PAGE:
PORTLAND, Ore. (AP) -- Three homes were destroyed by flooding on Mount Hood and about 75 families were evacuated after the Sandy River washed over its banks and swept away a section of mountain road.
"Lolo Pass (Road) is the river now," Myrna Hower, a resident of the area for more than 30 years, said to a neighbor by phone. "Your front yard is now water."
As Hower spoke, she watched her neighbor's house fall apart and trees carried away.
No injuries were reported and no one is missing in the area near the town of Welches on the western slopes of Mount Hood, said Tim Heider, public information officer for Clackamas County.
But downed power lines left the area without electricity, and there was no cell phone service after a weekend combination of rain and melting snow that Heider called "a perfect storm of events" stranded about 150 to 250 people.
"The difficulty is all the debris has sort of rearranged the road up there," Heider told The Oregonian.
Two of the homes that were destroyed lay along the Sandy River on Lolo Pass Road and a third was on the Zigzag River.
The bridge over the Zigzag River was closed to all traffic because of structural concerns, Heider said.
Nick Miller, 27, who has lived in the area for 20 years, said Lolo Pass Road, which connects to U.S. 26 near Zigzag, is "completely devastated."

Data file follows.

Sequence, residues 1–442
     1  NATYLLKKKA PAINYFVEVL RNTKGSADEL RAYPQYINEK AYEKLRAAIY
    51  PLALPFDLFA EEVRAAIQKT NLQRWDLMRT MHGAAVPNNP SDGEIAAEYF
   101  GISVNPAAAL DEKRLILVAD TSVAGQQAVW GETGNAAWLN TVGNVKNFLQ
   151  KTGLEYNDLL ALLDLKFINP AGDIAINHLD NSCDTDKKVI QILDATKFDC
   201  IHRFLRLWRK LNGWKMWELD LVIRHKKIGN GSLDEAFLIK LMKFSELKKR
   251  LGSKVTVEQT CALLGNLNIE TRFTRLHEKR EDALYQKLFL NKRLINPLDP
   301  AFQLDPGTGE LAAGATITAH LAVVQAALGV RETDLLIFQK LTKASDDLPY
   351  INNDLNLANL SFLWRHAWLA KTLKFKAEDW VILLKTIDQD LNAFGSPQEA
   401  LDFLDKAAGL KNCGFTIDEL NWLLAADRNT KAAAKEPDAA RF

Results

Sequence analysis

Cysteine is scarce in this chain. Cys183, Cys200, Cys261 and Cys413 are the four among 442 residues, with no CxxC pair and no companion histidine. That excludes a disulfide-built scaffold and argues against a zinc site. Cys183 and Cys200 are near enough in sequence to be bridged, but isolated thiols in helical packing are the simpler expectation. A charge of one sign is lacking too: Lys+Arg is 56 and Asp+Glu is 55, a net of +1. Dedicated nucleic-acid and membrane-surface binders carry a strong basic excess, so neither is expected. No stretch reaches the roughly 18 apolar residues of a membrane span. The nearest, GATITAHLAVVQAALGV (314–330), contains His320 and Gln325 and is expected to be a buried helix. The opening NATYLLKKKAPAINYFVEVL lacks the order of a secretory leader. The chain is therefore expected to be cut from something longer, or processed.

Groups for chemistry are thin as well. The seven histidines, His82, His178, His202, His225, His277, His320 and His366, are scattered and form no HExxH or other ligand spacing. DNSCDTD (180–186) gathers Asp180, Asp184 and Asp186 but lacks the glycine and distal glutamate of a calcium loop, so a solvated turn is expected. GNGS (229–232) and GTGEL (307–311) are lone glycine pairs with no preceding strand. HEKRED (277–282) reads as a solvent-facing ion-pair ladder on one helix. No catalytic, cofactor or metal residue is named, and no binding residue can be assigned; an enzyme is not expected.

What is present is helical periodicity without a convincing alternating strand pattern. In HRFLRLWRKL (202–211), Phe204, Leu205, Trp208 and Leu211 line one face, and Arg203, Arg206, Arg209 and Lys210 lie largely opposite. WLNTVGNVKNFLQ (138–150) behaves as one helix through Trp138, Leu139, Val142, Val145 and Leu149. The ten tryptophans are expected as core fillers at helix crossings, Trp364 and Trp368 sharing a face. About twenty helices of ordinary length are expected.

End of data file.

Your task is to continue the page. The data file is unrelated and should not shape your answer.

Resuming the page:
"Lolo Pass (road) looks like an earthquake has hit," Miller said. "The roadway is completely rippled for about a half mile."
Heider said the area can only be accessed by foot or on ATV.
Late Monday afternoon, Lt. John Creel of the Hoodland Fire Department said crews used chain saws and hand tools to build a path up to Zigzag, where reports of damage were still tricking in.
In Washington state, residents in the town of Index say that the swollen Skykomish River has washed away a two-story cabin.
Don McDonald told KING-TV in Seattle that he "heard the noise, and the house just went into the river."
The television station says no injuries were reported when the riverside home was swept into the Skykomish's north fork Monday morning.
Heavy rain from the weekend, combined with snowmelt, pushed many rivers in Washington, Oregon and parts of Idaho over their banks.
Information from: The Oregonian, http://www.oregonlive.com
Copyright 2011 The AP.